By Anthony Sanchez Design Director | Principal at Nadel Architects
Inflation, rising interest rates, and delayed lead-times of building materials have given real estate developers cause to rethink the financial implications of their endeavors and created uncertainty within the retail industry as we move into 2023.
On the other hand, consumers are buying, retailers are paying rent, and we have yet to see any signs of a major slowdown or hesitation to move forward on these types of projects. It seems as though the impact of Covid over the last few years has galvanized the retail environment to confidently weather a recession. Consumers are less shocked by what would normally feel outrageous or unjustifiable and have become jaded by the experiences the pandemic brought upon them. For the brands that flourished during the pandemic, they have proven there is a path forward in even the most challenging of times.
The pent-up need for “experience,” something you cannot get online, has given brands, operators, and owners a common goal of attracting consumers to stay competitive in the market. Whether it’s an emphasis on amenities provided in a multi-family development, or experiential shopping in retail centers, the sense of “place” and community is fundamentally something we all seek for fulfillment.
As the needs of consumers have evolved over the years, so have the expectations around convenience and quality.
Simultaneously, the deficit of housing and need to densify has put a spotlight on pure retail developments as the new frontier for blended use offerings. Industry leaders are more comfortable now than ever to explore how these sites can be adapted to accommodate a more diverse offering.
The Retail/Mixed-Use Benefits
Activation + Exposure
The diversity of programming within a given site will attract a larger cross-section of users. However, the most successful mixed-use projects are those that curate relationships and build synergies between the uses. An example of this can be seen with Rise Koreatown in Los Angeles designed by Nadel Architects. This project includes 364 units above a grocery, dining, and various other retailers at ground level. The retail functions as an amenity to the residential tenants and as the anchor to draw traffic to the property. In any mixed-use environment, the daily users (residential or office) of above ground-level retail are not likely to sustain the businesses below but provide continuous activation and cross-traffic.
Accessibility + Convenience
In the past we have seen hesitation amongst tenants that are traditionally in neighborhood centers to move into dense mixed-use environments, a mindset which has shifted in recent years. This is where creative planning and design help mitigate the concerns tenants may have. The approach is different in a dense vertical mixed-use environment and there are some trade-offs. For instance, sight lines and parking in an open-air center are very straight froward. You can see where you want to go and where you need to park. Whereas in a vertical mixed-use project, effective wayfinding is crucial to the shopper experience. In many cases parking is closer, being consolidated and stacked directly above or below the tenants. For sight lines, larger storefronts with more visibility into the tenant space function as a form of signage providing a direct visual connection to the products and activation.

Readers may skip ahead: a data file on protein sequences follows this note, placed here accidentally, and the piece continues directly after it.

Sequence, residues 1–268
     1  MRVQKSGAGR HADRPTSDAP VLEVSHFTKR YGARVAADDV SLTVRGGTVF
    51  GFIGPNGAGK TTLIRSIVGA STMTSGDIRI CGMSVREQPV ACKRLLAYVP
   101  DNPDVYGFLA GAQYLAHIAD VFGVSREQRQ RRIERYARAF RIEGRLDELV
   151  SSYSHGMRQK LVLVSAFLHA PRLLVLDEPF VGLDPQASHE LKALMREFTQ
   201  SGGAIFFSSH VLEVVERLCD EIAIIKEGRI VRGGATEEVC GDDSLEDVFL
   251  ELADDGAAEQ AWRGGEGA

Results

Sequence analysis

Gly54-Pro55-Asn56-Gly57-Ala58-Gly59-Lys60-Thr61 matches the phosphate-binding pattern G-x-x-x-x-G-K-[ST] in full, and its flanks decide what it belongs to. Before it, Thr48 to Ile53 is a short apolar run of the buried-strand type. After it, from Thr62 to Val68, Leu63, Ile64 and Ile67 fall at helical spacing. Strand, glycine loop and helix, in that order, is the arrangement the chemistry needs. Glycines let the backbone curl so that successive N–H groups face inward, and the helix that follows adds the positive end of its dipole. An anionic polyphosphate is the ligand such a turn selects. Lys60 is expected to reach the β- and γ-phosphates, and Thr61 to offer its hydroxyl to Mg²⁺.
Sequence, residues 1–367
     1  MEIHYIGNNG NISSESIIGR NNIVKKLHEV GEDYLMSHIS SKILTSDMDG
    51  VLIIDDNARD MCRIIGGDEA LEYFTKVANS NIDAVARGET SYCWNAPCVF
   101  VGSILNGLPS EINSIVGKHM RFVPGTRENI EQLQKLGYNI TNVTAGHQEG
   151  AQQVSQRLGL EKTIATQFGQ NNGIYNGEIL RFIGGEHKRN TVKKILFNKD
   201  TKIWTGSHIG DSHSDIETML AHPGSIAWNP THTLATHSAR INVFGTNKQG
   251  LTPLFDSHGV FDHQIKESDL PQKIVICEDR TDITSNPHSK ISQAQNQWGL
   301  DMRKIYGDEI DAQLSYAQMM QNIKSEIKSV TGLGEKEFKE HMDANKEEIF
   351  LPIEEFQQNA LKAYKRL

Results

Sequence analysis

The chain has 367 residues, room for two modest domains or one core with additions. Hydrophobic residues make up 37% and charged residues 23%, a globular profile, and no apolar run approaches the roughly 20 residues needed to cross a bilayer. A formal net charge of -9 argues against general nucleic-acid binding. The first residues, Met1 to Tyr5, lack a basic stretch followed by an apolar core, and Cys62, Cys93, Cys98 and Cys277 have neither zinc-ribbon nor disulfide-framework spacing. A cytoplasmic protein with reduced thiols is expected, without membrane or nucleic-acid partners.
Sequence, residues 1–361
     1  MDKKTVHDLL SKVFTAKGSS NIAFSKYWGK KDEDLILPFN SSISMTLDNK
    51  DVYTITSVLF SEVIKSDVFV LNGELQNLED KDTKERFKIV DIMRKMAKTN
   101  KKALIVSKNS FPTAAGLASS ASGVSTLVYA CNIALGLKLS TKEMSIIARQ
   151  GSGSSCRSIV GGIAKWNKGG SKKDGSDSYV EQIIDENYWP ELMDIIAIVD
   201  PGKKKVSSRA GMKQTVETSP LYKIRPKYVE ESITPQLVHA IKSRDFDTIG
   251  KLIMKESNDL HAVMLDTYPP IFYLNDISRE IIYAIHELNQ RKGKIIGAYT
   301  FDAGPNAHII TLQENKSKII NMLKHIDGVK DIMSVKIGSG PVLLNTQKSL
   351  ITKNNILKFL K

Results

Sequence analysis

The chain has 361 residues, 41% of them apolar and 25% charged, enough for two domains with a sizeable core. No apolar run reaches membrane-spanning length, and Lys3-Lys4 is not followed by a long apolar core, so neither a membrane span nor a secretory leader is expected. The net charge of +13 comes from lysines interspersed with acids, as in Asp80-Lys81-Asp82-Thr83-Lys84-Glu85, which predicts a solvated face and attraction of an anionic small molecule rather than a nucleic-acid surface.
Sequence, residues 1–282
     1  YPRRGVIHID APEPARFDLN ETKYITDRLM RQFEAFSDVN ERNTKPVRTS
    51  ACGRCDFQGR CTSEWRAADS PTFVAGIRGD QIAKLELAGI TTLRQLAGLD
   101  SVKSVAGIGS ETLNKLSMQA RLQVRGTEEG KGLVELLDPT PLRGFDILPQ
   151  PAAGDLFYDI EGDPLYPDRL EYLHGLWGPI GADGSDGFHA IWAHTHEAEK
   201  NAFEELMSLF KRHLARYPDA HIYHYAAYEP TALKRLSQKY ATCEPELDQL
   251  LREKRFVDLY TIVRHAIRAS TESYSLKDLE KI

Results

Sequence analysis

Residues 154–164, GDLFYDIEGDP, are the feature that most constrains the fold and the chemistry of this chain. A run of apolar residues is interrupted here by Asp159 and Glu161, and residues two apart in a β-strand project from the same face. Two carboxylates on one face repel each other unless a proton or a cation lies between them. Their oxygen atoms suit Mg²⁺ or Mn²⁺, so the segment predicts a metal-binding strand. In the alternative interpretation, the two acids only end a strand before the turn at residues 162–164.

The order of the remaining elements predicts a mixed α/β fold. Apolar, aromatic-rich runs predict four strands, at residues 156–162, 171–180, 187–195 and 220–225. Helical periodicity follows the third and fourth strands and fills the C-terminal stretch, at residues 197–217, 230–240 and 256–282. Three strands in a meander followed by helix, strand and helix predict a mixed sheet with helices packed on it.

This concentration of uses is far more convenient and efficient for shoppers and provides opportunities for more experiential moments throughout the common areas of the project.
Sense of Place and Community
The mindset within the retail environment is hyper-focused on creating the most memorable experience for shoppers to ensure extended dwell times, repeat visits, and word-of-mouth buzz. Multi-family and office developments are no different.
With a common objective for delivering quality to its consumers, mixed-use environments that exploit these offerings are building a meaningful sense of place and community for users.
Increasingly, people are looking to have amenities that prioritize inclusivity, community, and health & wellness.
In both retail and multifamily, the “common area” offerings are a selling point to attract tenants. Together as one vision, the advantages retailers gain from operating in mixed-use environments are significant.
Saved time and convenience by way of thoughtful planning creates an environment where retailers, residents, and visitors can thrive. Amenities that meet a variety of needs that mix leisure with everyday life, resonate with the people that use them as a memorable and positive shopping experience. This is the true value of a mixed-use environment.
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Design Director | Principal at Nadel Architects
Anthony Sanchez serves as Nadel’s Design Director, overseeing the collaborative design team for the firm’s retail and mixed-use projects. He is responsible for guiding the design direction from initial concept to the final product, offering creative solutions to ensure each vision is brought to fruition for our clients. With nearly two decades of experience, Anthony is immensely skilled in architectural design and comprehensive urban planning. Prior to joining Nadel, Anthony has held a variety of notable positions including Senior Project Designer at Unibail Rodamco Westfield (URW) where he led the design for the exterior of the iconic Century City Mall. He also spearheaded in-depth repositioning and concept design for various other larger-scale mixed-use projects within the US.